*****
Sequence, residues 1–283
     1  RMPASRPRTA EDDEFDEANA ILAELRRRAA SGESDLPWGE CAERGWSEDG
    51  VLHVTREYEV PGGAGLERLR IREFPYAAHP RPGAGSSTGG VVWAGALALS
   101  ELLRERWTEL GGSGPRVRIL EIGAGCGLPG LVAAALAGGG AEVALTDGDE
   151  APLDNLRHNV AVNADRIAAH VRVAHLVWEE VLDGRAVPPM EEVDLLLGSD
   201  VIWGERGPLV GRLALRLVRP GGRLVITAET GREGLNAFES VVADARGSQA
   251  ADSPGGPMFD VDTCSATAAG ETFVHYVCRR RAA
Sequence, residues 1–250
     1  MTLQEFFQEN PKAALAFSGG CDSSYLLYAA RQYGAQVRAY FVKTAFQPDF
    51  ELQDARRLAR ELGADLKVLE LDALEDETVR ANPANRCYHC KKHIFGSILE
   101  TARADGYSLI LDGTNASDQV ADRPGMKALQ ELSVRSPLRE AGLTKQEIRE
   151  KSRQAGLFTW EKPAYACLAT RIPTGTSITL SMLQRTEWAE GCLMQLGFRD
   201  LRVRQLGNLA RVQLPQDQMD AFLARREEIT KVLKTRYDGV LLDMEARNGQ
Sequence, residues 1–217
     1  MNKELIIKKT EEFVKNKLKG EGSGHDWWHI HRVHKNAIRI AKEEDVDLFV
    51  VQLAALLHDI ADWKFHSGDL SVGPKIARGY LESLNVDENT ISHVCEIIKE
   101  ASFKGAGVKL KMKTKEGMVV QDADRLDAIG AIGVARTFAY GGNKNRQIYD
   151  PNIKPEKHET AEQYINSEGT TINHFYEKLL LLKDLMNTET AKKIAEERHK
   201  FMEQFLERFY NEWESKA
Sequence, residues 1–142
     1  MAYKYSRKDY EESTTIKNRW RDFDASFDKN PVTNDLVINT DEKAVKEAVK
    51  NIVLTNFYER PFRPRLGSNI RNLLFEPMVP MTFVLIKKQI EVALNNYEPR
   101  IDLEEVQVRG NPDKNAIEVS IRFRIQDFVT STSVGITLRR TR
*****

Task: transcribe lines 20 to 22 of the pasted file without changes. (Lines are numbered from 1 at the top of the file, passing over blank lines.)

Sequence, residues 1–142
     1  MAYKYSRKDY EESTTIKNRW RDFDASFDKN PVTNDLVINT DEKAVKEAVK
    51  NIVLTNFYER PFRPRLGSNI RNLLFEPMVP MTFVLIKKQI EVALNNYEPR